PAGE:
Published January 13, 2015
Amnesty International accused Yahoo (YHOO), Microsoft (MSFT) and Google (GOOG) on Thursday of violating human rights principles by cooperating with China's efforts to censor the Web and called on them to lobby for the release of jailed cyber-dissidents.
The London-based human-rights group also called on the Internet companies to publicly oppose Chinese government requests that violate human rights standards.
"The Internet should promote free speech, not restrict it. We have to guard against the creation of two Internets — one for expression and one for repression," said Larry Cox, executive director of Amnesty's U.S. branch, in a statement.
The companies "have violated their stated corporate values and policies" in their pursuit of China's booming Internet market, the statement said. It appealed to them to "call for the release of `cyber-dissidents.'"
Google Inc. and the Chinese partner that runs Yahoo Inc.'s China operation, Alibaba.com, defended their activities and said their presence benefits China's public.
Google said in a written statement that its search engine discloses when results have been removed "in response to local laws and regulations" and that the company avoids offering services when it can't guarantee users' privacy.
Alibaba.com didn't respond directly to Amnesty's criticism but said its focus is on Internet commerce, not news and information.
"By creating opportunities for entrepreneurs and connecting China's exporters to buyers around the world, Alibaba.com and Yahoo China are having an overwhelmingly positive impact on the lives of average people in China," said Porter Erisman, an Alibaba.com spokesman, in a written statement.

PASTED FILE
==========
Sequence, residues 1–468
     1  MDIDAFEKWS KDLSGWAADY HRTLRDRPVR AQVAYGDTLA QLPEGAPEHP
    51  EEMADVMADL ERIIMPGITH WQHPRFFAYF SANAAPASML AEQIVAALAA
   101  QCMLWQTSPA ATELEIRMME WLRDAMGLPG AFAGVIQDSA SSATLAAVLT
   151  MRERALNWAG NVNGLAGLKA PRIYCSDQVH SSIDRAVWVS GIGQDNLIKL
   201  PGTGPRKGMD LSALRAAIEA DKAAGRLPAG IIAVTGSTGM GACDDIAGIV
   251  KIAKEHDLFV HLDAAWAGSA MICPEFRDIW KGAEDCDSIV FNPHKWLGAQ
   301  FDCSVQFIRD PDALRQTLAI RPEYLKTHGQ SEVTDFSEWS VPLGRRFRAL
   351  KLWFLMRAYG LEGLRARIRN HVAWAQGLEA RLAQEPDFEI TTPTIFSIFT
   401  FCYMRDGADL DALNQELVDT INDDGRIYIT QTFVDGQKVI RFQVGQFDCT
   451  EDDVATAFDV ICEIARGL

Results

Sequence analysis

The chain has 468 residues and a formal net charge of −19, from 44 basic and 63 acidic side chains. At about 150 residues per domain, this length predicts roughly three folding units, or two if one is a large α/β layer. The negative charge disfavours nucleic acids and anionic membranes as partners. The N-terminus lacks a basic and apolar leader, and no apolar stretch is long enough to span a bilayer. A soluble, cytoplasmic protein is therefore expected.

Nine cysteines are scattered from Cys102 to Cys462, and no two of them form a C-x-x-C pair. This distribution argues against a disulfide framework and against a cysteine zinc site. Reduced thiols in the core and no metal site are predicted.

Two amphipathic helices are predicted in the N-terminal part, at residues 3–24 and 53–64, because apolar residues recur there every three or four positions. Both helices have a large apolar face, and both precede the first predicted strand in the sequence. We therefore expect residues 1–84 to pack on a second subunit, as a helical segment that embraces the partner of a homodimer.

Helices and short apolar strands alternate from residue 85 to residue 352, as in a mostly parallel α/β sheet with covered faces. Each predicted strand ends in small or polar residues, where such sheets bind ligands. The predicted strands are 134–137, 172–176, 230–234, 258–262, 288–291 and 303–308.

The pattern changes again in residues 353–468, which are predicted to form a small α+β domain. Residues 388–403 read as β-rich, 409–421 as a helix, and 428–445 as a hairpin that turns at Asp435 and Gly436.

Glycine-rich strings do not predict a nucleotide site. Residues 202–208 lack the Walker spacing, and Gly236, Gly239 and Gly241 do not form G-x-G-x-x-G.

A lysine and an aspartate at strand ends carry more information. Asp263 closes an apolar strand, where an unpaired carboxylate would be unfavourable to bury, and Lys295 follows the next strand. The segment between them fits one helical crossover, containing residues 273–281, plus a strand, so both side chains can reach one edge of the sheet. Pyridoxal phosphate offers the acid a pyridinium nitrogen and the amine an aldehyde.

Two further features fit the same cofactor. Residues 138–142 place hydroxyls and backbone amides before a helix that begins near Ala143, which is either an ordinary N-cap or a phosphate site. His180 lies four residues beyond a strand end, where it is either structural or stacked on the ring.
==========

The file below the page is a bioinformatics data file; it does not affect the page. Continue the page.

A spokesman for Microsoft Corp. didn't immediately respond to requests for comment.
China has the world's second-largest population of Internet users after the United States, with 123 million people online.
Though the communist government promotes Internet use, it has also set up an extensive surveillance and filtering system to prevent Chinese from accessing material considered obscene or politically subversive.
The Amnesty statement appealed to Internet companies to reveal details of their dealings with Chinese authorities and to exhaust all judicial appeals before complying with government requests that might affect human rights, such as the release of e-mail account information.
A growing number of Chinese journalists and others have been jailed for posting politically oriented comments online and other Internet-related activities.
Yahoo has been the most severely criticized after the Sunnyvale, Calif.-based company's China operation provided information on e-mail users that was used to sentence two dissidents to prison.
Google has been criticized for censoring search results on its China site.
Microsoft has banned terms such as "human rights" from its Chinese Web log service and shut down the U.S.-based log of a Chinese blogger at Beijing's request.